Prime Minister Justin Trudeau struck a different tone in his Canada Day statement this year, as the country reels from the discovery of over 1,100 unmarked graves across three former residential school sites in Canada.
In the statement, Trudeau acknowledged that for some, July 1 is “not yet a day of celebration.”
“The horrific findings of the remains of hundreds of children at the sites of former residential schools in British Columbia and Saskatchewan have rightfully pressed us to reflect on our country’s historical failures, and the injustices that still exist for Indigenous peoples and many others in Canada,” Trudeau said.
“We as Canadians must be honest with ourselves about our past.”
Canada Day arrives as country reels from residential school discoveries
Last week, Cowessess First Nation in Saskatchewan said that a ground-penetrating radar detected an estimated 751 unmarked graves at the site where the Marieval Indian Residential School once sat. The news came not long after the remains of 215 children were found at another former residential school site in Kamloops.
Just one day before Canada was set to celebrate its national pride on July 1, the Lower Kootenay Band said a search using the same ground-penetrating radar technology found 182 human remains in unmarked graves near a former residential school site in Cranbrook, B.C.
182 unmarked graves found near Cranbrook, B.C. residential school on eve of Canada Day
As communities and families reel from the news, some advocates have called on Canadians to hold off on the fireworks and fanfare for Canada Day this year.
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“The recent discovery at Kamloops residential school has reminded us that Canada remains a country that has built its foundation on the erasure and genocide of Indigenous nations, including children,” read a post on Indigenous rights group Idle No More’s website.
“We refuse to sit idle while Canada’s violent history is celebrated.”
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The government has faced questions about whether Canada’s government-run celebrations should still take place, given the dark discoveries that marked recent days and weeks.
Canadian Heritage is still holding its virtual Canada Day events, including an online concert featuring French, English and Indigenous musicians. However, as those events kick-off, the flag on the Peace Tower in Ottawa will sit at half-mast in recognition of the Indigenous children who died in residential schools across the country.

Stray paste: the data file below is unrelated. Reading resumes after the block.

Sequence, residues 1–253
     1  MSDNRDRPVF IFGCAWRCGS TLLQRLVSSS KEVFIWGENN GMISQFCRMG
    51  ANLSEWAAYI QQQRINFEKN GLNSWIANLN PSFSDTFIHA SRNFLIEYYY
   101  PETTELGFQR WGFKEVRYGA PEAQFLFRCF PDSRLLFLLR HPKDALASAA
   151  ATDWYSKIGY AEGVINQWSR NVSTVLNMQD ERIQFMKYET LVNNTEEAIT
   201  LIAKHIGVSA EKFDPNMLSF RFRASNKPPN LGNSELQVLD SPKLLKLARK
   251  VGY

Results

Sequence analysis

Trudeau has said he plans to spend the day celebrating with his family. His agenda also lists a closed-door meeting today with Phyllis Webstad, who is the founder of Orange Shirt Day — a national day of remembrance for victims of the residential school system.
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In his Thursday statement, the prime minister also highlighted Canada’s accomplishments in the face of the COVID-19 pandemic.
“The pandemic has changed our daily lives, taught us hard lessons, and kept us apart. But through this challenge and crisis, Canadians were there for each other. We all — young and old — made personal sacrifices to help keep our communities safe and healthy,” he said.
“We put signs in our windows and banged pots and pans for our front-line health care workers. We ordered takeout and shopped at our local small businesses. And once vaccines became available, we got our shots as soon as possible, so our communities could return to normal.”
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He said that today, Canadians can reflect on our accomplishments, while also looking forward to “what more we have to do.”
“This Canada Day, let’s recommit to learning from and listening to each other so we can break down the barriers that divide us, rectify the injustices of our past, and build a more fair and equitable society for everyone,” Trudeau said.
“Together, we will roll up our sleeves and do the hard work that is necessary to build a better Canada.”
— With files from The Canadian Press
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